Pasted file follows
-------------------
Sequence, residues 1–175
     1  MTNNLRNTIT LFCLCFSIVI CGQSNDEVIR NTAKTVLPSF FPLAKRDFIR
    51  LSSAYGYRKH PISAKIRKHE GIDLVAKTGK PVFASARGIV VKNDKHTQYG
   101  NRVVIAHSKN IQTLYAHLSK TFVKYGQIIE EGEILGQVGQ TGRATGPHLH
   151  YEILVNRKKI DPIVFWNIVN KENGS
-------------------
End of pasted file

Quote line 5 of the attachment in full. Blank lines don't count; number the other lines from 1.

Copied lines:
   151  YEILVNRKKI DPIVFWNIVN KENGS